Where the Great Commission Meets Deportation

For millions of immigrants, removal from the United States is the heartbreaking end of a dream. For these two, it was also the birth of a ministry.

Rafael Avila was born in Mexico but for most of his life had been living legally in the United States as a permanent resident. He was, for the most part, a bilingual kid from Tennessee.

But troubles with “every law agency imaginable,” as he put it, left him at risk of deportation. He was addicted to opiates. It started with painkillers and, as it does for many, progressed to heroin. His run-ins with the law were frequent.

Avila’s drug use eventually steered him back to Mexico. In 1996, Congress expanded the grounds for deportation to include minor nonviolent offenses, such as drug convictions. The law is retroactive, meaning that immigrants can be deported for convictions predating the legislation. After conviction, many are given “final orders of removal,” which put them on record as deportable and unable to reenter the US if they leave for any reason. Final orders of removal are not immediate deportation orders, but in recent years, Immigration and Customs Enforcement (ICE) has conducted nationwide sweeps of those with final orders.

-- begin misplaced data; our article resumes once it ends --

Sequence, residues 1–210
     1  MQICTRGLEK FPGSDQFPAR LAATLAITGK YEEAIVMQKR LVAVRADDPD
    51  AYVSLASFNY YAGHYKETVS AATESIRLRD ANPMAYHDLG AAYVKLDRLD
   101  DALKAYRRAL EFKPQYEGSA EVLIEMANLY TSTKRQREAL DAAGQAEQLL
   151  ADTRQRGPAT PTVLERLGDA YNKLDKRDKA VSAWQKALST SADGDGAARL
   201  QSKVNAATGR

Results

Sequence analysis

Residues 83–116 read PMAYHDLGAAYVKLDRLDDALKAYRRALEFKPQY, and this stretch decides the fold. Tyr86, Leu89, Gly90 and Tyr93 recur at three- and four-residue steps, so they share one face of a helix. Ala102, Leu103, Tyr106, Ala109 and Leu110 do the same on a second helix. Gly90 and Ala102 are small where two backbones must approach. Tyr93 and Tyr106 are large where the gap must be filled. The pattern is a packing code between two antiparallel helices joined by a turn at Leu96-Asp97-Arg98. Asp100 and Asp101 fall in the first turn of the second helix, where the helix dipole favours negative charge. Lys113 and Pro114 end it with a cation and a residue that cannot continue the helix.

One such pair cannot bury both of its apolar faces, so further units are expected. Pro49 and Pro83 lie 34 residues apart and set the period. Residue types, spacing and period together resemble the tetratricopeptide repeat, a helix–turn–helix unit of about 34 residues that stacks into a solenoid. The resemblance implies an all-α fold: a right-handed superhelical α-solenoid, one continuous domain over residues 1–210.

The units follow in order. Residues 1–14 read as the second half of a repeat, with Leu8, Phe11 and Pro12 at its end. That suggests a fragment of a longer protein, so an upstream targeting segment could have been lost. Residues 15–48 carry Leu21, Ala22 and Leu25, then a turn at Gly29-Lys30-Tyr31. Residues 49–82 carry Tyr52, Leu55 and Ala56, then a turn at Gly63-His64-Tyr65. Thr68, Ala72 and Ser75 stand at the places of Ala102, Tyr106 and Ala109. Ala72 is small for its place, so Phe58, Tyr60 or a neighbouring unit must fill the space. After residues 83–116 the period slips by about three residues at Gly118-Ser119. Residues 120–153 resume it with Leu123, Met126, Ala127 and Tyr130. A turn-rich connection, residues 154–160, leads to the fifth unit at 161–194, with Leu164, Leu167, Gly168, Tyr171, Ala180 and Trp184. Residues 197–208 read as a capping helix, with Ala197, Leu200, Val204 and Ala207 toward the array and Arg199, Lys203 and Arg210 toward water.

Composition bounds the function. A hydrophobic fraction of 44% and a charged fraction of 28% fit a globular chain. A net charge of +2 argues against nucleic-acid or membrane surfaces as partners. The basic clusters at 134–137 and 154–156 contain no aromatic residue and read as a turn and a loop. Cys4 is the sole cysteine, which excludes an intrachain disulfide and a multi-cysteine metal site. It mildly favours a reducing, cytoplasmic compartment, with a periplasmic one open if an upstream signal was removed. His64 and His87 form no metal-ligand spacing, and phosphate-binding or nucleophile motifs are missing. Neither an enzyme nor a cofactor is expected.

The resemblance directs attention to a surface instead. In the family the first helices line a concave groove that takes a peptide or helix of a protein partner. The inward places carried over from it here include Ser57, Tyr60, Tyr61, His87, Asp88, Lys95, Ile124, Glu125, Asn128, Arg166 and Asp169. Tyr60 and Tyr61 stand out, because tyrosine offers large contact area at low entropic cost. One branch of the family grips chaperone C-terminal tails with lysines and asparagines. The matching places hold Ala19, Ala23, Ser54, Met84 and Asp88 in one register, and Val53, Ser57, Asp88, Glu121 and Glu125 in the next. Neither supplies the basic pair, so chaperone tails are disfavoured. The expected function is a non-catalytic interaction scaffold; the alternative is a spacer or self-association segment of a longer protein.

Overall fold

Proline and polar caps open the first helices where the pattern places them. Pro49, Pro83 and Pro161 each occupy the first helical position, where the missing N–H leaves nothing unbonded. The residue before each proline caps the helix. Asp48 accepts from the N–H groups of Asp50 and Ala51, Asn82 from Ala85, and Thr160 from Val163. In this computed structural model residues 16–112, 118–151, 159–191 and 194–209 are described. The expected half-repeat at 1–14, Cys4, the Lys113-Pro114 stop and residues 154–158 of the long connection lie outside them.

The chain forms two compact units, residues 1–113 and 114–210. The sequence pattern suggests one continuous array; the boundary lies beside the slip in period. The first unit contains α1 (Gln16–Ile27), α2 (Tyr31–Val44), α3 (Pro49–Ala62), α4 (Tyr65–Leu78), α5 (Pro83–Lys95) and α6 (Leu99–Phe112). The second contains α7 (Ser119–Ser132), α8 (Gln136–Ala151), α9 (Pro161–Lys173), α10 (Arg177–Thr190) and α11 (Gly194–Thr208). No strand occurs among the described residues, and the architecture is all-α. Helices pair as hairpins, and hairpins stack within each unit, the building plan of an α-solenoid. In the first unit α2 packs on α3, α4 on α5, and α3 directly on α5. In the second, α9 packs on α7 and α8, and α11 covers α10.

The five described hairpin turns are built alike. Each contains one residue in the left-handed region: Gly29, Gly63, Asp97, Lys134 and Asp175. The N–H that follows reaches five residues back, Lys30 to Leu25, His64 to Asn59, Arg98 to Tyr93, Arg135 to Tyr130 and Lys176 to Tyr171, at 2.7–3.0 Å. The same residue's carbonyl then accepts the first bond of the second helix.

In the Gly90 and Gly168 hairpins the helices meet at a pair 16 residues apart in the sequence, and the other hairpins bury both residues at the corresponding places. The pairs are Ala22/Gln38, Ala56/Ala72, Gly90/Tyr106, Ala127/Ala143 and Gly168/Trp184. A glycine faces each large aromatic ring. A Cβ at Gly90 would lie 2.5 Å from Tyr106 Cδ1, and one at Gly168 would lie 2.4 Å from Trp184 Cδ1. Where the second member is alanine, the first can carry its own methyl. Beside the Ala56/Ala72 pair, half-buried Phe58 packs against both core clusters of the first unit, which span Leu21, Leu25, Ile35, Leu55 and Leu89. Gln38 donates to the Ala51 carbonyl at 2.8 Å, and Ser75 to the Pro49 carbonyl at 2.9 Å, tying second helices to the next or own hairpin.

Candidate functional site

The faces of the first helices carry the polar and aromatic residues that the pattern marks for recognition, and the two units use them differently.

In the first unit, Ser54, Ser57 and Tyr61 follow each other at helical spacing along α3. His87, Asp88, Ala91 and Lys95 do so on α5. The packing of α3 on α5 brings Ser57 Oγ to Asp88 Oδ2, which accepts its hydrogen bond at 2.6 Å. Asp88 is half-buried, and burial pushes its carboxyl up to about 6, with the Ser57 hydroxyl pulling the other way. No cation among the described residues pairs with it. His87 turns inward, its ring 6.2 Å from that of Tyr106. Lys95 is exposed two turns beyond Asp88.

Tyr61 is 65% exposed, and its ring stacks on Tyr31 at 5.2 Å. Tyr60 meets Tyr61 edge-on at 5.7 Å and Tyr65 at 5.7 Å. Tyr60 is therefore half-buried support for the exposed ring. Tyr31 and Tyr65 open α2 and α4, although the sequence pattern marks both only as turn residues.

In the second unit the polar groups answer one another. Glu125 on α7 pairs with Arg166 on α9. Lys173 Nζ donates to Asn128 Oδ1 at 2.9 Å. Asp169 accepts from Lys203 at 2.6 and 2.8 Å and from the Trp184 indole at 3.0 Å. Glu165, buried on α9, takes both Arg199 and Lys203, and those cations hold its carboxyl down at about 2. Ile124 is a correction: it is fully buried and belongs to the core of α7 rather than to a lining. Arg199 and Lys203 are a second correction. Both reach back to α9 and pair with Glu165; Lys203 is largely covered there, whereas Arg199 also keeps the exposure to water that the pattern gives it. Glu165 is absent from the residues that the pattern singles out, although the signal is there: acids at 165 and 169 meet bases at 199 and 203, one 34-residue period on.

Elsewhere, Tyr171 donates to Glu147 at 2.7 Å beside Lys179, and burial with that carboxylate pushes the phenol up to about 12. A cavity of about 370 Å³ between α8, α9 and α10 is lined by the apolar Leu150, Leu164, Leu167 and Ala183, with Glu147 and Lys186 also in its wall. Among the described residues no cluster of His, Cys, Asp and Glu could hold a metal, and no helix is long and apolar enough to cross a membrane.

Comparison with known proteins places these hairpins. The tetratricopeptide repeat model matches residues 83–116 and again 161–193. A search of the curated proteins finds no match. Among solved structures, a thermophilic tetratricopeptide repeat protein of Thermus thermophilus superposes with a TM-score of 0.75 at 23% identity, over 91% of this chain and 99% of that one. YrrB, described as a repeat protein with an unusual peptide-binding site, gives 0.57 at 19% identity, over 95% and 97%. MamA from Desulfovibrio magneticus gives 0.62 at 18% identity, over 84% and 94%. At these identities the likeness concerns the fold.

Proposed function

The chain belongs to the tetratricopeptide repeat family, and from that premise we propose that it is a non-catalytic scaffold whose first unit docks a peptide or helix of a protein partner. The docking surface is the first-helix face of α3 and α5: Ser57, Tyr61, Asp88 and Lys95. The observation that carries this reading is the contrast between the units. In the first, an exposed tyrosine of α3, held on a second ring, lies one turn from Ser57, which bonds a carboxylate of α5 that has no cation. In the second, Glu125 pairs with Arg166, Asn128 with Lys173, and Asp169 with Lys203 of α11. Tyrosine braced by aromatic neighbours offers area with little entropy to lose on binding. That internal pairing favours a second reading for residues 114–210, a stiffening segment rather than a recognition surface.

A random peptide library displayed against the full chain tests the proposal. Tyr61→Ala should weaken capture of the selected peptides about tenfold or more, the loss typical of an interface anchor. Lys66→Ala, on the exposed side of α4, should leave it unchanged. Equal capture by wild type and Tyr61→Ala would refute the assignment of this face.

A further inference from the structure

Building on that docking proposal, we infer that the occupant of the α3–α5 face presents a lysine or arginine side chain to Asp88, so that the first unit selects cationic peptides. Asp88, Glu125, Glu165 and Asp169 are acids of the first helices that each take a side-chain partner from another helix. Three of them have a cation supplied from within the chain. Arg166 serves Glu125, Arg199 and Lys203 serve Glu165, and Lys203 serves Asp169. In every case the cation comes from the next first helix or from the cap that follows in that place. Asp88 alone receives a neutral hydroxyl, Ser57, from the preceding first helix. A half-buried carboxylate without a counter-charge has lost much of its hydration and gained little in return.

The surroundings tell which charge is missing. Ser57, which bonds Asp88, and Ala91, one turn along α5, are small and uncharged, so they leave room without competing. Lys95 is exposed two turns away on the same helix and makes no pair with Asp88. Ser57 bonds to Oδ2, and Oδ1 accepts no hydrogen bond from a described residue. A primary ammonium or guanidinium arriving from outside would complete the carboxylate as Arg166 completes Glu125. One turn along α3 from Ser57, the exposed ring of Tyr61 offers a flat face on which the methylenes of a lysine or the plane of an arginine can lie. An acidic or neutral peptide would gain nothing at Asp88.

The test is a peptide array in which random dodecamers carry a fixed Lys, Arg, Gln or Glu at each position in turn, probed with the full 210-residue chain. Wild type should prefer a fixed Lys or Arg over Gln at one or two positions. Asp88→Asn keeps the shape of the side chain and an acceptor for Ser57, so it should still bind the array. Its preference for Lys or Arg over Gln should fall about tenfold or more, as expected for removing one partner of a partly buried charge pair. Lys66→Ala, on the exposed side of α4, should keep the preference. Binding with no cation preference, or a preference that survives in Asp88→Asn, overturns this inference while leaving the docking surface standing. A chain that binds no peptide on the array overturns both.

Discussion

So in 2014, knowing that he was headed to deportation, withdrawal in jail, or death by overdose, Avila and his English-speaking wife and daughter moved from Tennessee to Ciudad Juárez, across the border from El Paso. He did so knowing he would never be allowed back into the US. It wasn’t a great choice, he explained. It was his only choice.

“For the good of ‘y’all the people,’” Avila said with a wry chuckle, “it was fantastic that I left.”

With its pervasive presence of drug cartels, Juárez might seem like an odd choice for a man fleeing the dangers of drug addiction. Many deported addicts end up buying from …

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